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Producer, guitar player, composer and maker of noise.

EQs are a Mixer’s Best Friend

Posted on | September 27, 2007 | 6 Comments

ableton_live_eq.pngI’ve been recently cleaning up old tracks for the next podcast of my own productions, and usually the first thing I do is to place an EQ on each and every track before even starting to clean up the mix.

With Logic Pro it’s so easy, just click on the eq area and you get an instance of the EQ plug-in. With Live, you need to drag in the EQ8 to each track, but it’s doable.

One of the biggest enemies as a mixers we have is muddiness. It happens easily when you have lots of tracks playing at the same time, frequencies battling about the same range, ending up as a mush of sound, and you can’t really hear anything interesting. There’s a reason why minimalist dance music sounds so clear, few tracks!

Anyway, just be like a sculptor and sculpt out various main frequencies for each track. Sometimes even the dreadful 2k range will make sense (this is the metallic range) for certain instruments, so they are popping out from the mix.

This is very similar to what ancient composers had to do, they had to learn inside out what the range and tonality was of each instrument, so then when they composed (in their head!) they could figure out the balances, and that’s why a symphony orchestra sounds so massive, and still so clear.

We working with electronic tracks have an even harder time, as each synth and sample is its own new world, so we just need to go in and carve out the frequencies, and take out others so that the total balance will make it sound clear and interesting.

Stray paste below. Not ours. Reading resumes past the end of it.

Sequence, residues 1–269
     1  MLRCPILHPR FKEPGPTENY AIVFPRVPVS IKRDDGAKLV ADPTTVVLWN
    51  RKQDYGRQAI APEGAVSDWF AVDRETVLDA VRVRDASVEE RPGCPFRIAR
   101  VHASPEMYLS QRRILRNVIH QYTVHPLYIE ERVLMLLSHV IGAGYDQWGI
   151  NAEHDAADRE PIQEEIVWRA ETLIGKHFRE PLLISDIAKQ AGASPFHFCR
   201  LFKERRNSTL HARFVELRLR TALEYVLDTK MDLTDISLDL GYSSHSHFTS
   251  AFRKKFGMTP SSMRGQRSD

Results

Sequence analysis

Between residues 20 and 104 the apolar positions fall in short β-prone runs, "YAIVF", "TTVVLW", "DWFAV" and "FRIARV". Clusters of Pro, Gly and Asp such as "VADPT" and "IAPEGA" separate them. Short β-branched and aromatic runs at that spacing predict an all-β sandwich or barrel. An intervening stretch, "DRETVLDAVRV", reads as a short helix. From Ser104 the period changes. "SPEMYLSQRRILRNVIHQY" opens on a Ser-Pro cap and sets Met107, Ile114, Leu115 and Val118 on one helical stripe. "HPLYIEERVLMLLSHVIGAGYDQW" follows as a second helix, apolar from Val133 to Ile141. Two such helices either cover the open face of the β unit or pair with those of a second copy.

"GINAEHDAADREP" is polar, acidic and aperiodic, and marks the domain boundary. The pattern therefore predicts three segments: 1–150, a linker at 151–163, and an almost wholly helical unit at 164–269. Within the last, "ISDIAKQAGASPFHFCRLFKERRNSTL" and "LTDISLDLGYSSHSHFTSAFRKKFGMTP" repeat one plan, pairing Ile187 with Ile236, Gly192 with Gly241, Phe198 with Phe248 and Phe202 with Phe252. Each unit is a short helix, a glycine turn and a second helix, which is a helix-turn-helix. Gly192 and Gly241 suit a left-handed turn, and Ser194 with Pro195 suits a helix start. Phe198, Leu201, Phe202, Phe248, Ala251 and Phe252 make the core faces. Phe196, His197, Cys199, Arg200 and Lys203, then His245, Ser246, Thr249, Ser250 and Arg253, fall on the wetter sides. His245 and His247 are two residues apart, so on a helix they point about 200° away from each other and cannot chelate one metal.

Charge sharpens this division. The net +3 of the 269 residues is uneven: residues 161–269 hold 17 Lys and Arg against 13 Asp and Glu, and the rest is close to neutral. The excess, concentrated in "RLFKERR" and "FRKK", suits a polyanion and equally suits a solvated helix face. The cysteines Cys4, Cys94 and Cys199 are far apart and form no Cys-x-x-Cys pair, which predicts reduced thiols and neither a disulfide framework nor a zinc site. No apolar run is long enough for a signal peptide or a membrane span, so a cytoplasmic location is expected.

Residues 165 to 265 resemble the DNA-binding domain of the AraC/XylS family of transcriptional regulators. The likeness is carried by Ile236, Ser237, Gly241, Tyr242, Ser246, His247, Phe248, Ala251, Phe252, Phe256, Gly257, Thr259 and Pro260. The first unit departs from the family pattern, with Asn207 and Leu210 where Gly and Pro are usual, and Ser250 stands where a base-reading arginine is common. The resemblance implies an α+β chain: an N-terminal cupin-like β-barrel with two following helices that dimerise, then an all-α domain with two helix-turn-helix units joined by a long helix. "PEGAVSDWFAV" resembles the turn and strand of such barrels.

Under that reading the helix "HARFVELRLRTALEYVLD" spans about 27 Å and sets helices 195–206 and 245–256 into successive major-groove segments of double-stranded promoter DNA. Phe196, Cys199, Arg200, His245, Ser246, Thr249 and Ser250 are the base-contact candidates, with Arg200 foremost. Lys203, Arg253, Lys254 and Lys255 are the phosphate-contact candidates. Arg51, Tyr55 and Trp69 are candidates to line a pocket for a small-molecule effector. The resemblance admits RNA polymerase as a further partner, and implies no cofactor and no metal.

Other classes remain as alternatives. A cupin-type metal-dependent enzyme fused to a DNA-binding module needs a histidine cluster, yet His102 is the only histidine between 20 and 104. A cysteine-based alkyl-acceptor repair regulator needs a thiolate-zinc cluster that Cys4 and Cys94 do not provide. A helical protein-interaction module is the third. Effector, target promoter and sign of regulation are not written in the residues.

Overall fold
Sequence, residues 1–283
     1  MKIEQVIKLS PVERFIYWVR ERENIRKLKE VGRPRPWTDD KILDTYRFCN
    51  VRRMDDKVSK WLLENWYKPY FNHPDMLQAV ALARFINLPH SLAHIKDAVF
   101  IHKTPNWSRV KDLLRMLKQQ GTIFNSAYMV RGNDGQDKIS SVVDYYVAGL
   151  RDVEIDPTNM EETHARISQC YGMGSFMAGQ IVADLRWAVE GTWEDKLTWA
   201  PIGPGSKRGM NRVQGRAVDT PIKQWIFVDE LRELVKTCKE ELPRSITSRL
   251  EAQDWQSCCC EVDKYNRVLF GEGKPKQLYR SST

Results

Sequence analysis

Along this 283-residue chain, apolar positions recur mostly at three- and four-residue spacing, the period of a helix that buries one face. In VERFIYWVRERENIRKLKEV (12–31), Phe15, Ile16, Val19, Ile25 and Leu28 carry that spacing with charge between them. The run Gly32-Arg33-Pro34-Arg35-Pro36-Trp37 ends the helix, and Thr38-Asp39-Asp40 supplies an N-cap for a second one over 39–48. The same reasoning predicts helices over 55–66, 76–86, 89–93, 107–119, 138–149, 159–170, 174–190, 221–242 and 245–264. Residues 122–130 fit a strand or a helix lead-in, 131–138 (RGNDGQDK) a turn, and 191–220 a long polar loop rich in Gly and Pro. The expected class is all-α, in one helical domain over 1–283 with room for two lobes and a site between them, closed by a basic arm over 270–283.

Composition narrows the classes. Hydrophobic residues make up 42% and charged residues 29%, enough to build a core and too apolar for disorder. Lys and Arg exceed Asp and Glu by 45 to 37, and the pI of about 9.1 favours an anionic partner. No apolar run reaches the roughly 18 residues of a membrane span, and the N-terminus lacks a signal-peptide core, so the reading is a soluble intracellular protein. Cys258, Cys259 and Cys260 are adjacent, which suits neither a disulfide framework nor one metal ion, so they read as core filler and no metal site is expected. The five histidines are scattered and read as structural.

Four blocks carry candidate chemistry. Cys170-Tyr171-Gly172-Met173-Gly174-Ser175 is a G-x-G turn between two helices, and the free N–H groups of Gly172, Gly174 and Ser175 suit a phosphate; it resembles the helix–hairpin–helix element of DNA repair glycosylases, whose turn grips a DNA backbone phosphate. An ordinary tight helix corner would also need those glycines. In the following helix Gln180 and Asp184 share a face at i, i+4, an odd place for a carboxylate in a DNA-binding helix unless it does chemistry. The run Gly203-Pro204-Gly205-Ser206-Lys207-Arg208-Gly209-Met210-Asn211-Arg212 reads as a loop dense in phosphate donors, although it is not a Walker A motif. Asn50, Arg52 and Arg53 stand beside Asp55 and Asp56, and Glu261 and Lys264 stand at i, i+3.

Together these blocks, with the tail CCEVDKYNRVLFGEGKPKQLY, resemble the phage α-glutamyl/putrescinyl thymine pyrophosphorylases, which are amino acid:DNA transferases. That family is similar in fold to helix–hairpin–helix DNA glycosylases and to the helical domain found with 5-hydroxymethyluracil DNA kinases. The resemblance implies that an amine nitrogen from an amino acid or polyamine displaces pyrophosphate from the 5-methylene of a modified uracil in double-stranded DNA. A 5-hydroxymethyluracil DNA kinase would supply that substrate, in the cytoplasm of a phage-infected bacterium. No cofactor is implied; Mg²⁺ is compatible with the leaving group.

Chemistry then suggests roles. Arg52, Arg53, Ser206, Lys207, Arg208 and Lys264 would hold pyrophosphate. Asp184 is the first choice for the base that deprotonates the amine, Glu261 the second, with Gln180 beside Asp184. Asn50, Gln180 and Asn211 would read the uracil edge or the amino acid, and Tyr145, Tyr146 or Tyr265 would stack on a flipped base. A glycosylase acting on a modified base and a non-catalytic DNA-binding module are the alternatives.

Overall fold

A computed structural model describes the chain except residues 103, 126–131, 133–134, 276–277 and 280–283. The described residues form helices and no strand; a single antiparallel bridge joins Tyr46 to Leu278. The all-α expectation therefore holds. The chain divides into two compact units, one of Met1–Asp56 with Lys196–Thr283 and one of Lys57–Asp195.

I sometimes even suspect that one reason many subscribe to using external big mixer boards is that they immediately have access to eq for each tracks, and they could quickly balance the frequencies, not that solid state analog circuits also give warmth compared with digital harshness that we in the fully digital world always have to try to minimize.


6 Responses to “EQs are a Mixer’s Best Friend”

  1. Loopy
    September 27th, 2007 @ 4:09 AM

    EQ is essential tool in modern studio. However there are differences in the sound quality of EQ plugins.

    After changing every instance of EQ8 in my recent track to Apples built in graphic EQ, the sound quality got better that instant second.

    Sonalskis and Waves ones are known to be good too, but id avoidable, don’t use Live’s own EQ.

  2. Kent Sandvik
    September 27th, 2007 @ 8:51 AM

    Interesting, I need to check this out of EQ8 versus the built-in Apple EQ. The EQ3 is a colorizing one, as it was really designed for DJ use.

  3. Loopy
    September 30th, 2007 @ 10:41 PM

    Did you have the time to test this? What was the result?

  4. Kent Sandvik
    September 30th, 2007 @ 10:54 PM

    Sorry, got stuck in fixing a lot of tracks for autumn schedule releases through the label. I will look at it just now.

  5. Kent Sandvik
    September 30th, 2007 @ 11:03 PM

    OK, I did an A/B test, same test track, and did a 3db Boost around 100Hz, and -3dB at 2k, very typical adjustments. The Apple EQ is not a parametric one, but I tried to make the adjustments as close as possible. I must say, I don’t really hear much differences over here, with low volume listening to pick any nuances.

    Now, I’m doing more and more work with Logic Pro 8, and its parametric EQ has been very good for a long time. Some might want to look at Sonalksis SV-517 as a possible EQ replacement, as they try to simulate analog eq circuits. Anyway, sorry, based on the limited testing I didn’t hear much differences.

  6. Loopy
    October 1st, 2007 @ 12:38 AM

    Well, maybe it’s just me.

    I’m sticking with third-party EQ/Filter plugins from now on, though Live’s own are a breeze to use.

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